Congratulations IDW!!! You did it!!! With the release of Teenage Mutant Ninja Turtles issue #73 last week, IDW’s TMNT series became the longest running Turtles comic of all time. Yay!!! Archie Comics’ Teenage Mutant Ninja Turtles Adventures held the record at seventy-two issues running from August of 1988 to October of 1995 and, for comparison’s sake, the Turtles’ original Mirage series ran for sixty-two issues, ending in August of 1993. In honor of this momentous occasion, I wanted to talk about why IDW’s Turtles series has captured my heart and mind as well as how growing up with the Turtles for nearly thirty years has allowed my appreciation of their story to evolve.
My love of the Teenage Mutant Ninja Turtles began a few years after I first met Spider-Man and predates my love of Star Wars by many years. Like my love of Spider-Man, I’ve tried to stay with the Turtles in their various incarnations over the years, even after I’d stopped reading their comics and watching their first cartoon series. I tried to watch Ninja Turtles: The Next Mutation, the Saban-produced live action series from 1997-98 where they fought Power Rangers-esque villains and found out they had a sister named Venus. (Actually, just writing that line kind of makes me wonder if it’s on Netflix. It was odd when I was fifteen; I wonder what watching it now would be like…) I’ve seen both Michael Bay produced films and, while the visual look of the Turtles isn’t what I’d like, I’m happy with the dynamic between the brothers. I dig Nickelodeon’s TMNT animated movie and their current Teenage Mutant Ninja Turtles series too. As opposed to outgrowing the Turtles, I’ve grown with them, enjoy them wherever I can.
Like many, I first met Leonardo, Donatello, Raphael, and Michelangelo in their 1987-1996 cartoon series. It wasn’t long after I started watching those early cartoons that I fell in love. My brother David was right there with me too! We loved all things Ninja Turtle. (Raphael was always my favorite while David was a Leonardo guy.) We loved the toys! We loved the comics! The Archie Comics series was one of the very first comic books I passionately sought every single issue of. We loved the movies! The original Teenage Mutant Ninja Turtles movie from 1990 is the first memory I have of being at a movie on opening night. We had to see this! I remember coming home every day after school and crossing another day off the calendar as we inched closer to seeing them in live action. We spent countless hours running around the house and backyard pretending to be the Turtles too. We were even ready to see them in concert. (Do you remember that brief period when the Turtles fought crime and were also a band? You bet I do! If you don’t, I’m sorry. You missed out…unless you don’t dig your Heroes in a Halfshell also being rock stars.) Alas, that wasn’t to be as the tour was cancelled.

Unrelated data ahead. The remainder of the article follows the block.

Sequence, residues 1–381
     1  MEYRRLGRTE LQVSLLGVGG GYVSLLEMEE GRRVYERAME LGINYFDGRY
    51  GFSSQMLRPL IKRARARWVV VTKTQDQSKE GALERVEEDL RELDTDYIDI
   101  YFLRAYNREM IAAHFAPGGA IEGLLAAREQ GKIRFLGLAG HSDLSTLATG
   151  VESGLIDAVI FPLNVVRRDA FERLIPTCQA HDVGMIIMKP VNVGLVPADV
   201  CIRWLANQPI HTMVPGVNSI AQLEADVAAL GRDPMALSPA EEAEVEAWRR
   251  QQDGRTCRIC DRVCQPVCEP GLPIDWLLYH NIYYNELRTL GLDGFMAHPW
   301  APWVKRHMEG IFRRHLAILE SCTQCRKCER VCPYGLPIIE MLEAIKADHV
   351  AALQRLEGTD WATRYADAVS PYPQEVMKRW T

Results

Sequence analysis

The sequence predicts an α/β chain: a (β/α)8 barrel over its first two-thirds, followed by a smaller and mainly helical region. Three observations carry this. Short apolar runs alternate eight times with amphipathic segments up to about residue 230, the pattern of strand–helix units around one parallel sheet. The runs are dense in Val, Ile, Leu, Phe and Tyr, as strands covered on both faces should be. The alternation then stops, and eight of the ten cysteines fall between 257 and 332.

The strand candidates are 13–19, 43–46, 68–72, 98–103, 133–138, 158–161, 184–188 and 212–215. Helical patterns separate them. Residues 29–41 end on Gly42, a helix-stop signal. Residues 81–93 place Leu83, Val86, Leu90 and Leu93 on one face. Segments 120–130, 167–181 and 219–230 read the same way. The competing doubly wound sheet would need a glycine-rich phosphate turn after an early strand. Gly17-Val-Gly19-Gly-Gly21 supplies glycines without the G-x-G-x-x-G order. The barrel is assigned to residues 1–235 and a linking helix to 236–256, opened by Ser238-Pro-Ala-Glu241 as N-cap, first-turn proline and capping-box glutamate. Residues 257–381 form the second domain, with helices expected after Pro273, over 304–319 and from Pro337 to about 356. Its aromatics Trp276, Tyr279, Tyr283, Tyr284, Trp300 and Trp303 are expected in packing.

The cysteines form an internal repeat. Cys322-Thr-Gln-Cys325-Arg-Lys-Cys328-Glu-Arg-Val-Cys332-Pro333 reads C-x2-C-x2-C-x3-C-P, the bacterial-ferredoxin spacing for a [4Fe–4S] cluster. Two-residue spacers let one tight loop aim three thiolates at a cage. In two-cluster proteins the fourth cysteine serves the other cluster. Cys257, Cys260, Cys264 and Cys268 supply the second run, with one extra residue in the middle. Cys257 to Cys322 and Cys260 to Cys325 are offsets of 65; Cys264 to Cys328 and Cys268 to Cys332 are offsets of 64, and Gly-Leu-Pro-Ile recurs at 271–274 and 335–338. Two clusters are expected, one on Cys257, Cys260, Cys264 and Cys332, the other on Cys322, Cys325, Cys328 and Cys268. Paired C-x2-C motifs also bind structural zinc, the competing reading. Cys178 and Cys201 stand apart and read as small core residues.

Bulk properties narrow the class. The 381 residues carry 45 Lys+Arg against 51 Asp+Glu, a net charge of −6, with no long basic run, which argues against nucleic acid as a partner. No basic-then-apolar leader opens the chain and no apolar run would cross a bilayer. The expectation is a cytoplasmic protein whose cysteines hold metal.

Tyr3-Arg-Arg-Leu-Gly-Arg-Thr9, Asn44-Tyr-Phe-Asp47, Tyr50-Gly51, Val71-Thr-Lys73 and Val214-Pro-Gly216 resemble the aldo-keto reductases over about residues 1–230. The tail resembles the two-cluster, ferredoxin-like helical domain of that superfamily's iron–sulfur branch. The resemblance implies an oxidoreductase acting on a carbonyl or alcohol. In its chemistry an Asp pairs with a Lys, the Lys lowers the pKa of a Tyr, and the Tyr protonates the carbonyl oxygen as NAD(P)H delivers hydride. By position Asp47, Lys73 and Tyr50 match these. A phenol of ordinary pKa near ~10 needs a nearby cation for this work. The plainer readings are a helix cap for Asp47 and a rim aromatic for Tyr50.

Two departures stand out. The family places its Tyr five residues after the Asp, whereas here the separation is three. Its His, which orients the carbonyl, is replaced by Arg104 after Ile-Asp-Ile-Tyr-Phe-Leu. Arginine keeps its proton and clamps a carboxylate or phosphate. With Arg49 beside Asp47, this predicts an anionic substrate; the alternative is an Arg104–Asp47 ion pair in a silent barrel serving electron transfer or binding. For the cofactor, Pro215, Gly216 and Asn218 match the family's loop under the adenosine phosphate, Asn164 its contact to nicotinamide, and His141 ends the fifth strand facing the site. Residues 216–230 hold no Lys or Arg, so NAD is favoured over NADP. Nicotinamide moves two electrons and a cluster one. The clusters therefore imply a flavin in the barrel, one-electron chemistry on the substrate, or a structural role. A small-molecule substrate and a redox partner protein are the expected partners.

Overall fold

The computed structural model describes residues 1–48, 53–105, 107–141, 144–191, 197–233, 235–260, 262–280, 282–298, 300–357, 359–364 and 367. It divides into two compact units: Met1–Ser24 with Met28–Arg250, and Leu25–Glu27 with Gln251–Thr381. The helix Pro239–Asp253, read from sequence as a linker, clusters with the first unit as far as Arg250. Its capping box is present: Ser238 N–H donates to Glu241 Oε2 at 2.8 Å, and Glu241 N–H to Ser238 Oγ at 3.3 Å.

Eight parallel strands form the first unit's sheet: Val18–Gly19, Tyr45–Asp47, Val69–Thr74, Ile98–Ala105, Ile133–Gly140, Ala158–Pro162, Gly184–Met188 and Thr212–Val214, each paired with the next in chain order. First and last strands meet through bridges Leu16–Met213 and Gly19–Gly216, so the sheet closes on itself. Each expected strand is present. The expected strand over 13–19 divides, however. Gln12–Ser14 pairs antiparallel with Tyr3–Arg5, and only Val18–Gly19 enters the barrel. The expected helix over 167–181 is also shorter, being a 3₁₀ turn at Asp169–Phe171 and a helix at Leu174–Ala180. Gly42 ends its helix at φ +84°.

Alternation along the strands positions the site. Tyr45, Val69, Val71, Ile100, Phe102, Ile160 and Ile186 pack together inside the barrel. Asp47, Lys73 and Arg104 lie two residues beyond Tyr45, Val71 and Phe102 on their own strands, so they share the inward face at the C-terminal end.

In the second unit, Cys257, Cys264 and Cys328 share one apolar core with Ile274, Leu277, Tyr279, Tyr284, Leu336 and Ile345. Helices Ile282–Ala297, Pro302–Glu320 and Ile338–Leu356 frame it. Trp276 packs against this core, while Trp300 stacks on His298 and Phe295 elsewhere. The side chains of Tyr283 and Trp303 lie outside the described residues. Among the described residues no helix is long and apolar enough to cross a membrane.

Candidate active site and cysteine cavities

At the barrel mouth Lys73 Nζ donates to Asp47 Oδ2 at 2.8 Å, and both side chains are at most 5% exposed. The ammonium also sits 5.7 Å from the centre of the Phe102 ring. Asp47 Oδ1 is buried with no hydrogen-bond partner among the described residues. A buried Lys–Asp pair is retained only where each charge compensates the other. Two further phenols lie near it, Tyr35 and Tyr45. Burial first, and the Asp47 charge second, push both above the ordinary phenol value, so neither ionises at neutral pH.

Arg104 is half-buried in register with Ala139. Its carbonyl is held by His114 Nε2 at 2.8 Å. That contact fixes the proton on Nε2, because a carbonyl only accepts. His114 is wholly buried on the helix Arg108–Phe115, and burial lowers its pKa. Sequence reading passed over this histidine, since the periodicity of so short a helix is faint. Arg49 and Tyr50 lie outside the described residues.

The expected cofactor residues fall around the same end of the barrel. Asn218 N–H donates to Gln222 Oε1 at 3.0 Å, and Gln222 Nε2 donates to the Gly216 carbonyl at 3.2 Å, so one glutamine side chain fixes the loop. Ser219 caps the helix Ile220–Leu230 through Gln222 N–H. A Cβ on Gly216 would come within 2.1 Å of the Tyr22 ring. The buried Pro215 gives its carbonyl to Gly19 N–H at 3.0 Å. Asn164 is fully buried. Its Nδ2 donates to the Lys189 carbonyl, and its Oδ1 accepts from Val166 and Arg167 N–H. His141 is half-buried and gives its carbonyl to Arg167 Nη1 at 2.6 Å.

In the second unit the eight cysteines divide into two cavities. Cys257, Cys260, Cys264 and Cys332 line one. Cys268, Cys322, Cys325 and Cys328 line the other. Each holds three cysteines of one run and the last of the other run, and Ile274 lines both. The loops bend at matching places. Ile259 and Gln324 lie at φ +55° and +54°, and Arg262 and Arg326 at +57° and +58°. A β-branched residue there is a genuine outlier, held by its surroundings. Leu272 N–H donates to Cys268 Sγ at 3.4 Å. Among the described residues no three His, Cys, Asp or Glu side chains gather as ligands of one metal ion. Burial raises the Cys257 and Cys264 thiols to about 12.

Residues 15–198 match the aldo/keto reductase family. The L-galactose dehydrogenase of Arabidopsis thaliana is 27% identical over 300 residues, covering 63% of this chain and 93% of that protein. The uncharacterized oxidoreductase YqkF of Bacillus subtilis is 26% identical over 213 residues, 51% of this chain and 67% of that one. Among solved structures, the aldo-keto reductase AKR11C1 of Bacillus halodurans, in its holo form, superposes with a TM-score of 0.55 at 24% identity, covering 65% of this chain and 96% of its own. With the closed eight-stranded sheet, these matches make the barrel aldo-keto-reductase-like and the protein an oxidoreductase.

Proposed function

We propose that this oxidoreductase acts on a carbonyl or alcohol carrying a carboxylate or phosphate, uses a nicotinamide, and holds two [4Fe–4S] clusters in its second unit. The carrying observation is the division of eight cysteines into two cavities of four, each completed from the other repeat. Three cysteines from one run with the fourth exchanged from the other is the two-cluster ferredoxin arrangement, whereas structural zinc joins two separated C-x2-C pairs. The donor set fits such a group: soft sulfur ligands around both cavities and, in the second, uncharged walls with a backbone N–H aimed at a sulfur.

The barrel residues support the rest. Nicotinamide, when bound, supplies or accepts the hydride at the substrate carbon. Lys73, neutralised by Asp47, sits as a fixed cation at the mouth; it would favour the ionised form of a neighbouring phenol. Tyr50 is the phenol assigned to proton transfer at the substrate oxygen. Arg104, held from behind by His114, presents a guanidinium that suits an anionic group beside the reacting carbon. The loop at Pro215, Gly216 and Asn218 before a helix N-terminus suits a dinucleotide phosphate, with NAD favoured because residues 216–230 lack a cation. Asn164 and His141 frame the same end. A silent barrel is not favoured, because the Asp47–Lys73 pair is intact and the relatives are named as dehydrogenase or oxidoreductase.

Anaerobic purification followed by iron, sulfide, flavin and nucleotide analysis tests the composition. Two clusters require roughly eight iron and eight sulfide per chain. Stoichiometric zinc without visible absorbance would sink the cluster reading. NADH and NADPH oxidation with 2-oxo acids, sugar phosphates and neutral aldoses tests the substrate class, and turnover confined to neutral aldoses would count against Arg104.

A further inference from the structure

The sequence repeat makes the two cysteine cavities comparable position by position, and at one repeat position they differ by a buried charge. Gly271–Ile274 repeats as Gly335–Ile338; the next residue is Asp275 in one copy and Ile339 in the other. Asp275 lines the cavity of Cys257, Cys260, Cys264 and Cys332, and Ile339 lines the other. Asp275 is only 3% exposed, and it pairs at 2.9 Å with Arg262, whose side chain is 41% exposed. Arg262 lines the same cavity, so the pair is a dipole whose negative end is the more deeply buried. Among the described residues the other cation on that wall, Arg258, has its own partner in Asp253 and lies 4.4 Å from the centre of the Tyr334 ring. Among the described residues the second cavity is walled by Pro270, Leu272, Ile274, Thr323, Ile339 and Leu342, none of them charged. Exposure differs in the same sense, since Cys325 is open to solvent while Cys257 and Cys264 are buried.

The Teenage Mutant Ninja Turtles have always been a big part of my life. While people say you can’t go home again, IDW’s Teenage Mutant Ninja Turtles seems to prove otherwise. Reading these comics feels like coming home! Granted the Turtles, and my experience of them, is very different than what I knew and what I felt when I was five or six years old. But that’s not a bad thing. It should be different! Of course you can always go home again but, as we grow up, our understanding and experience of home naturally changes. That’s what I’ve found to be true in my life and it’s also one of the things I’m most thankful for when I read IDW’s take on the Turtles. These are the Turtles I’ve grown up with but the content of their stories has grown a little too.
As I’ve written before, there’s an emotional richness to this incarnation of the Turtles that I haven’t seen before. However, the emotional weight doesn’t strip all the heart or humor from the narratives. No, we find the Turtles we love – laughing, joking, eating pizza – while also seeing them authentically hurt, heal, and grow. I often find myself marveling at just how human a book about anthropomorphic animals using ninja moves can feel.
For this milestone issue, IDW has the Turtles returning to Dimension X as Krang awaits trial for his war crimes. The story began in this year’s FCBD issue which finds the Turtles working with Professor Honeycutt to improve the security in their lair. As they tweak the system, Hakk-R – a regenerating and cyberneticly-enhanced bounty hunter sent by Krang – arrives to steal information about the key witnesses for the trial from Honeycutt’s head. To ensure that Krang is held accountable for his crimes and to protect the witnesses, the Turtles volunteer to return to Dimension X with Honeycutt. Issue #73 then begins “The Trial of Krang” story arc with Leonardo, Donatello, Michelangelo, and Raphael meeting up with their old Neutrino allies Commander Dask, Zak, and Kala as they are transported to Dimension X.